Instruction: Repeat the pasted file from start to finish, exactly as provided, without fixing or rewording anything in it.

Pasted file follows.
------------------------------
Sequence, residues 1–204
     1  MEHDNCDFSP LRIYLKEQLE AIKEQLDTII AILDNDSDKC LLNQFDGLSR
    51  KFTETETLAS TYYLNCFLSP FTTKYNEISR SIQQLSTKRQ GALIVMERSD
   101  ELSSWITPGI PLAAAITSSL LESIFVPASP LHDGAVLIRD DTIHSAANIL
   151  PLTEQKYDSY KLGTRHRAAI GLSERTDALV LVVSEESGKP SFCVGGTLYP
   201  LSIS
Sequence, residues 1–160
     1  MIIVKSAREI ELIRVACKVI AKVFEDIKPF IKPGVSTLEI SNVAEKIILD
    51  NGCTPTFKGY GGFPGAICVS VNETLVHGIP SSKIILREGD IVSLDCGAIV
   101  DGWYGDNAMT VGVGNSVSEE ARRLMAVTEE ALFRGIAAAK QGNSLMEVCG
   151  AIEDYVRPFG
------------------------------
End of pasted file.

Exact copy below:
Sequence, residues 1–204
     1  MEHDNCDFSP LRIYLKEQLE AIKEQLDTII AILDNDSDKC LLNQFDGLSR
    51  KFTETETLAS TYYLNCFLSP FTTKYNEISR SIQQLSTKRQ GALIVMERSD
   101  ELSSWITPGI PLAAAITSSL LESIFVPASP LHDGAVLIRD DTIHSAANIL
   151  PLTEQKYDSY KLGTRHRAAI GLSERTDALV LVVSEESGKP SFCVGGTLYP
   201  LSIS
Sequence, residues 1–160
     1  MIIVKSAREI ELIRVACKVI AKVFEDIKPF IKPGVSTLEI SNVAEKIILD
    51  NGCTPTFKGY GGFPGAICVS VNETLVHGIP SSKIILREGD IVSLDCGAIV
   101  DGWYGDNAMT VGVGNSVSEE ARRLMAVTEE ALFRGIAAAK QGNSLMEVCG
   151  AIEDYVRPFG